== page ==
AP Photo/Marcio Jose Sanchez

San Francisco 49ers general manager
John Lynch confirmed Wednesday he expects wide receiver Deebo Samuel
to remain with the team for the 2022 NFL season.

Lynch was asked about Samuel’s status
at a Dwight Clark Legacy Series event and received an ovation from
the crowd after saying he’d be a “fool” to trade the 2021 Pro
Bowl selection:

49ers on NBCS @NBCS49ers

.@MaioccoNBCS asks John Lynch if Deebo will be on the team this season 👀⬇️ pic.twitter.com/vv1lr1QKmE

In April, Samuel confirmed to ESPN’s
Jeff Darlington that he’d requested a trade from the 49ers, but he declined to discuss the specific reasons behind that decision.

Tom Pelissero of the NFL Network
subsequently reported there were “multiple layers” to the
situation, but one of the most important was the playmaker’s desire
to play wide receiver more exclusively rather than a hybrid
receiver-running back role.

Samuel made 77 catches for 1,405 yards
and six touchdowns last season, but he also recorded 365 yards and
eight scores on 59 rushing attempts.

His contract is likely a factor in
the situation, as well.

The 26-year-old University of South
Carolina product is scheduled to make $3.99 million in 2022, which
ranks tied for 46th among wideouts, per Spotrac. It’s the final year
of his rookie contract.

While his receiving numbers warrant a
significant raise from that number, the difficulty from San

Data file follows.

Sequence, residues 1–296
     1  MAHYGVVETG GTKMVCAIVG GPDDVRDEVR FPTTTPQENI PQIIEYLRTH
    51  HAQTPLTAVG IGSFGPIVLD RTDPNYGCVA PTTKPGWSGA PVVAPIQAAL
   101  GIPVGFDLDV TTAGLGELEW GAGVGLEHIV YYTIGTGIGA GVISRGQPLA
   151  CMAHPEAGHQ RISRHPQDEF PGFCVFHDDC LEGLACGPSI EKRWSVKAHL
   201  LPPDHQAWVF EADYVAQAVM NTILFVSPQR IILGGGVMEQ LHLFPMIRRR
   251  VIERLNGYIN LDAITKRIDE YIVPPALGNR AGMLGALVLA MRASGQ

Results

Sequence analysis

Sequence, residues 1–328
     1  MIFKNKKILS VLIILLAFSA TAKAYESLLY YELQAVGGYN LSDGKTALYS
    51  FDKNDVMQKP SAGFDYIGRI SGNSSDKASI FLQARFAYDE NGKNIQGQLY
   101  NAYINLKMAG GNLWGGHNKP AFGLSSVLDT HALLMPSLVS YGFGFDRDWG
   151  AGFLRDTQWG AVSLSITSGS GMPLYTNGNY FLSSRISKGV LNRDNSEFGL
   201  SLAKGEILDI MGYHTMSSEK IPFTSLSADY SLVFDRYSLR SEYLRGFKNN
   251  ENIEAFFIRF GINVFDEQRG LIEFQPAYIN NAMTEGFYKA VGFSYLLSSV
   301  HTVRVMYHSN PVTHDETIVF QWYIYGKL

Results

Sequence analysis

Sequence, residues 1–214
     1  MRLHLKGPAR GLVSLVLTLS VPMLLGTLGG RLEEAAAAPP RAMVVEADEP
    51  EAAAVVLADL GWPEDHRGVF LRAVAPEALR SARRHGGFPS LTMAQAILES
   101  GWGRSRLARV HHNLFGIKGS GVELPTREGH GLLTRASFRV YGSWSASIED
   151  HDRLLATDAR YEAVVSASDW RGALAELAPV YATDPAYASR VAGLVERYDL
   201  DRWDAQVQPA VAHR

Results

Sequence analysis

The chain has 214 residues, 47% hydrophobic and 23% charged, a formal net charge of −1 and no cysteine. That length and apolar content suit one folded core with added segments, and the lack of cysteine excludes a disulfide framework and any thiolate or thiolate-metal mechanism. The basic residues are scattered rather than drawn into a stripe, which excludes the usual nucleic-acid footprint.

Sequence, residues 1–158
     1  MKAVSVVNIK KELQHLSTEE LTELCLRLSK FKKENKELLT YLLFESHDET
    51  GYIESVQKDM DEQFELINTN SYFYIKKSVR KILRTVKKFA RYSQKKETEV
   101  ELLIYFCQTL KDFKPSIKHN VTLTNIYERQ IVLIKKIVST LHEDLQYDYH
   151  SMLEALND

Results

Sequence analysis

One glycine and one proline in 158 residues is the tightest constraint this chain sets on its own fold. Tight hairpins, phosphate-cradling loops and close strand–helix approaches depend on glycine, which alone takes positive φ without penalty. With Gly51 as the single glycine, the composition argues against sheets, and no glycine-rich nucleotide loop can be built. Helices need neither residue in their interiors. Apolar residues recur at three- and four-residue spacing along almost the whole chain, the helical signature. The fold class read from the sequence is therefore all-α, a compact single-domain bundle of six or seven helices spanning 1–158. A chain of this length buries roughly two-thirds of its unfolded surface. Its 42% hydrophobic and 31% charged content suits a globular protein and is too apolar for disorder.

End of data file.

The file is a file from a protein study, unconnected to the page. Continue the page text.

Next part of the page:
Francisco’s perspective is deciding what fair value is if Samuel no
longer wants to play a key role in its rushing attack.

Clearly the Niners are prepared to dig
in their heels to avoid trading one of their most valuable players,
and they have the franchise tag in their back pocket if an agreement
on an extension isn’t reached by next offseason.

So Samuel, who didn’t attend the
start of voluntary organized team activities, will have to decide
whether he’s willing to embark on an extended holdout to force a
trade.

Signing a lucrative long-term extension
is the other option, but so far there’s no suggestion a new deal is
close. In May, ESPN’s Jeremy Fowler reported the idea of an extension
hadn’t been “addressed in a meaningful way” this offseason.

It creates a situation where the stare-down could continue into training camp and potentially beyond.

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